Products must be manufactured by following guidelines and in accordance with appropriate medicine manufacturing regulatory requirements, even during a pandemic and crisis management, says Susan J. Schniepp, Distinguished Fellow, Regulatory Compliance Associates.
Q. I am in the quality department and am responsible for investigations, and I have been working from home due to the COVID-19 pandemic. The investigation standard operating procedure (SOP) requires me to perform face-to-face interviews with people and to complete the investigation within 90 days. Working remotely to conduct the interviews is taking much longer, and I am afraid I’ll miss my deadlines. Could I eliminate the interview requirement until I am able to return to the facility?
A. I certainly understand the challenges of trying to conduct remote face-to-face interviews and the need to try and streamline processes during times of crisis, but now is not the time to take unnecessary, undocumented shortcuts with any of your medicine manufacturing procedures.
My recommendation is that you step back from your frustration with the situation. Focus on the elements you need to conduct a thorough pharmaceutical manufacturing investigation and look at finding alternative means to fulfill the SOP requirements as defined in your contingency plan. If you do not have a contingency plan in place, you should immediately develop one and include appropriate risk-based information.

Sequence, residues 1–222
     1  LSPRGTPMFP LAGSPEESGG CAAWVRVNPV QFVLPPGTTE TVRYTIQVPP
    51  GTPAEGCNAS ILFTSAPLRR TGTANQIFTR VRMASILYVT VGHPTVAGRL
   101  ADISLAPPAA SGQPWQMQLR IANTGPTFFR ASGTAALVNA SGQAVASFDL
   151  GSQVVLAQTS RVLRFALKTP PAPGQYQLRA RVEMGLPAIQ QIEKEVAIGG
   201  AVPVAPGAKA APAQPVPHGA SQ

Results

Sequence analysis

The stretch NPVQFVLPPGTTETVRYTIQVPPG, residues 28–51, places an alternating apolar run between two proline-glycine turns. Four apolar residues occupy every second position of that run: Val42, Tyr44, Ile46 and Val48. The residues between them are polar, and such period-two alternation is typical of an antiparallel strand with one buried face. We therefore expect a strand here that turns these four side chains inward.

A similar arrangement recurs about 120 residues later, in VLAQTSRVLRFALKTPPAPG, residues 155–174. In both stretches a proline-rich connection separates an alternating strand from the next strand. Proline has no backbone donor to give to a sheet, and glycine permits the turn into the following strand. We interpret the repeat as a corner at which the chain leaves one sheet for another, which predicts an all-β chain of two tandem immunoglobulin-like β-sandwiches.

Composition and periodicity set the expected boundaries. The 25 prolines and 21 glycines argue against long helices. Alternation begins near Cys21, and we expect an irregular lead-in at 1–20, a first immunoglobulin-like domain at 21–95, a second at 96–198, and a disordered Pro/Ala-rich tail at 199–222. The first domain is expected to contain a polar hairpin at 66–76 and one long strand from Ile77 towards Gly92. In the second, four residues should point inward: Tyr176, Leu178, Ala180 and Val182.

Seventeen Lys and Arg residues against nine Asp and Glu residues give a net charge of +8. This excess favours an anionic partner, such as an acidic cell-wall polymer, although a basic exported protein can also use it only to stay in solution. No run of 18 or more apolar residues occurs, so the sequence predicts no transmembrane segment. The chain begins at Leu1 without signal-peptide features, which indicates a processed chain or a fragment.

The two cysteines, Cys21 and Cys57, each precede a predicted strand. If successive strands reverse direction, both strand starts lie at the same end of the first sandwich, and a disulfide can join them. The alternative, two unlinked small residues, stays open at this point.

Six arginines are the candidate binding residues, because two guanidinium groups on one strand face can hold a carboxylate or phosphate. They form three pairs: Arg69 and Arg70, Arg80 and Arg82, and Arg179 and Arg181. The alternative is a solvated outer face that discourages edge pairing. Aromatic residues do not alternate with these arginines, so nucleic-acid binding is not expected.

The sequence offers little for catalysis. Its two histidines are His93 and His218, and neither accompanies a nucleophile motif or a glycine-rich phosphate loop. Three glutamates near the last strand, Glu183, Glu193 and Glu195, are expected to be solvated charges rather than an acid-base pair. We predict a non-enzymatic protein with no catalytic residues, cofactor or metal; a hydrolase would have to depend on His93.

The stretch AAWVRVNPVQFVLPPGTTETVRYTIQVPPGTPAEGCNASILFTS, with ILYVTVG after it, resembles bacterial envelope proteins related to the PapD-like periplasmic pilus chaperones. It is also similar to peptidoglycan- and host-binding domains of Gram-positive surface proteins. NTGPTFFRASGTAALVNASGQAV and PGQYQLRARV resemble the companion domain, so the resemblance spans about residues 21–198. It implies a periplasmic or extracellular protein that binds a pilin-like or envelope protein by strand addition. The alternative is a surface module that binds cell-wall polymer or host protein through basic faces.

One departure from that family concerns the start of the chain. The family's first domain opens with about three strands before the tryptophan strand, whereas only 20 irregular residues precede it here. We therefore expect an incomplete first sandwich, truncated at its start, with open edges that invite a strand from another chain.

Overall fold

The European Medicines Agency has a guidance on the format for a risk management plan that might help you get started on this activity.
To determine how you might make your operations more efficient during crisis times, I further suggest you review the FDA’s guidance titled, Planning for the Effects of High Absenteeism to Ensure Availability of Medically Necessary Drug Products.
The guidance document states “this guidance is intended to encourage manufacturers of medically necessary drug products (MNPs) and any components of those products to develop contingency production plans to use during emergencies that result in high absenteeism at production facilities” … “The guidance provides considerations for the development and implementation of a plan for production of MNPs during a crisis, including specific elements that should be included in the plan.”
The medicine manufacturing contingency plan you develop should include information regarding the company’s prevention and risk mitigation processes.
The guidance states “these preventative measures can include steps to prepare personnel such as:
- “Educating employees on topics such as, in the case of a pandemic, personal hygiene (hand washing and coughing and sneezing etiquette), social distancing, and appropriate use of sick leave
- “Encouraging employees to get immunized as appropriate by providing information on local vaccination services or by offering on-site vaccination services, if reasonable
- “Providing information for and encouraging employees to develop family emergency preparedness plans